3 Charged in $4.2M Mortgage Fraud Scheme

Allison Tussey —  April 25, 2011 — Leave a comment

Sheri Lynn Delich, 45, Apple Valley, Minnesota, My Dinh Lam, 30, Minneapolis, Minnesota, and Ashley Elizabeth Prasil, 26, Eden Prairie, Minnesota, were charged with orchestrating a scheme to defraud mortgage lenders out of approximately $4.2 million relative to a Minnetonka, Minnesota development. The Defendants were charged via an Information with one count of conspiracy to commit mortgage fraud. In addition, Delich was charged with one count of money laundering.

From December 18, 2006, through December of 2007, the defendants allegedly conspired to defraud mortgage lenders in connection with the marketing of the Cloud 9 Sky Flats development (“Cloud 9”). The defendants allegedly found buyers to apply for mortgage loans to purchase units in the development, the defendants and the buyers knowing that each buyer would receive a kickback of approximately 30 percent of the reported purchase price of any unit. The forms submitted to the lenders did not disclose the kickbacks to buyers. The kickback payments were allegedly returned to the buyers through an account controlled by Delich and funded with loan proceeds. Once she received kickback money, Delich allegedly skimmed off a percentage of it for herself and others and then delivered the balance to the appropriate buyer. She did not disclose these payments to the lenders.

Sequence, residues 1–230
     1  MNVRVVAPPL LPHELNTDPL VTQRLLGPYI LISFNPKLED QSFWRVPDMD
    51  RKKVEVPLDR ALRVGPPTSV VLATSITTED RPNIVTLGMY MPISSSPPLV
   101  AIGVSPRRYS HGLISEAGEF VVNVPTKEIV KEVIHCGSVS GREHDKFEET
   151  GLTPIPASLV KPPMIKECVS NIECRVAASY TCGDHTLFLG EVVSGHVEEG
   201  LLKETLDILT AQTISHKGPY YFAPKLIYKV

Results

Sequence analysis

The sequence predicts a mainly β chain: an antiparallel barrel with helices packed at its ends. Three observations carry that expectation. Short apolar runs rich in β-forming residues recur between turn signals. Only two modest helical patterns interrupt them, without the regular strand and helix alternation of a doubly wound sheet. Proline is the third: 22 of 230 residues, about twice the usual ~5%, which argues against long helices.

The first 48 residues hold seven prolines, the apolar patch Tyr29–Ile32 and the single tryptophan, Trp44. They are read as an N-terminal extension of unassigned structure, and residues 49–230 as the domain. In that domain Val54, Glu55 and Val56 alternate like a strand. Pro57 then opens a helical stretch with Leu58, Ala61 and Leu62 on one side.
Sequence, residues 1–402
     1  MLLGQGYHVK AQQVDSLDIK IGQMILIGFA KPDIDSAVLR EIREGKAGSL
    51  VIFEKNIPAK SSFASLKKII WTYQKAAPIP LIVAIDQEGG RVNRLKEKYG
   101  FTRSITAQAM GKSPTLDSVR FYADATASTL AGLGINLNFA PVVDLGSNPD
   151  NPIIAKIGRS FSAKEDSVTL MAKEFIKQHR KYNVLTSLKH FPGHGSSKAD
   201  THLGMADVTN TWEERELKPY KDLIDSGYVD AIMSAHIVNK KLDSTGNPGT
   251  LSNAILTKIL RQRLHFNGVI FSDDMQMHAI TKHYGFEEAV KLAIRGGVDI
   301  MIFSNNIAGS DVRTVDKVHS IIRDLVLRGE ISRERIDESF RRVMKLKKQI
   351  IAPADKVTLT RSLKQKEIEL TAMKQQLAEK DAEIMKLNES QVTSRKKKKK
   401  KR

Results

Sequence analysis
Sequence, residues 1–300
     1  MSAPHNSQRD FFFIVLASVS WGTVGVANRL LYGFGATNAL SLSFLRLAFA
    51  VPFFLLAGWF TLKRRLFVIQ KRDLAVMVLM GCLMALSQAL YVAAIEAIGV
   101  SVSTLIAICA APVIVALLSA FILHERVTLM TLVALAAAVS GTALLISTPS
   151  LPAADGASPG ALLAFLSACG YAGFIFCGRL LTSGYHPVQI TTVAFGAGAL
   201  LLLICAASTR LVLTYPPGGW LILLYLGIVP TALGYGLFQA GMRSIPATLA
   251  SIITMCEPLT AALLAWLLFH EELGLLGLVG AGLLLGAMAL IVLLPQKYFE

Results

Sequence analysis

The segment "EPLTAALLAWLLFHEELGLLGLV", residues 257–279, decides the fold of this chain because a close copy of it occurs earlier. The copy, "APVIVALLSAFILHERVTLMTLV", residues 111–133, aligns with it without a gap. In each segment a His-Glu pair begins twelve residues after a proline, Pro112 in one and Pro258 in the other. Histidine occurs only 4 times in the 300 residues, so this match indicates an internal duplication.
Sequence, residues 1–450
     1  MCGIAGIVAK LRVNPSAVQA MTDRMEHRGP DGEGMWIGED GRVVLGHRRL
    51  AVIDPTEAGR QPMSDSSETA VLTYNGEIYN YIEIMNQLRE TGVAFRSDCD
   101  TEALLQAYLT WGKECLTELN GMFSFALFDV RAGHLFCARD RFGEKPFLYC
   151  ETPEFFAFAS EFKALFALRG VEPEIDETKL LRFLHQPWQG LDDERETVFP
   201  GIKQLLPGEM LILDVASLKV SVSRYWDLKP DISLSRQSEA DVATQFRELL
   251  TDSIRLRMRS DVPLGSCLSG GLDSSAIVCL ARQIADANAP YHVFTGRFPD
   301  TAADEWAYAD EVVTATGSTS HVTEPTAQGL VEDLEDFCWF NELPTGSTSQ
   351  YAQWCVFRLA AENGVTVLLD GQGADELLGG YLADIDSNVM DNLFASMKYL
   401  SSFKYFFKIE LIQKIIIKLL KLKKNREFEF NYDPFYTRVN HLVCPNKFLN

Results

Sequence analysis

More than 40 Cloud 9 units were sold through the scheme, and more than 80 percent of the loans have since defaulted. In excess of $4.2 million was transferred to accounts allegedly controlled by Delich. As for the money laundering charge, Delich is alleged to have accepted a wire transfer of $120,123 in fraud proceeds.

If convicted, the defendants face a potential maximum penalty of five years in prison, and Delich faces a potential maximum penalty of 20 years for money laundering. All sentences will be determined by a federal district court judge.

This case is the result of an investigation by the Federal Bureau of Investigation and the Internal Revenue Service-Criminal Investigation Division. It is being prosecuted by Assistant United States Attorney Robert M. Lewis.

This law enforcement action is in part sponsored by the interagency Financial Fraud Enforcement Task Force. The task force was established to wage an aggressive, coordinated and proactive effort to investigate and prosecute financial crimes. It includes representatives from a broad range of federal agencies, regulatory authorities, inspectors general, and state and local law enforcement who, working together, bring to bear a powerful array of criminal and civil enforcement resources. The task force is working to improve efforts across the federal executive branch and, with state and local partners, investigate and prosecute significant financial crimes,
ensure just and effective punishment for those who perpetrate financial crimes, combat discrimination in the lending and financial markets, and recover proceeds for victims of financial crimes.

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Allison Tussey

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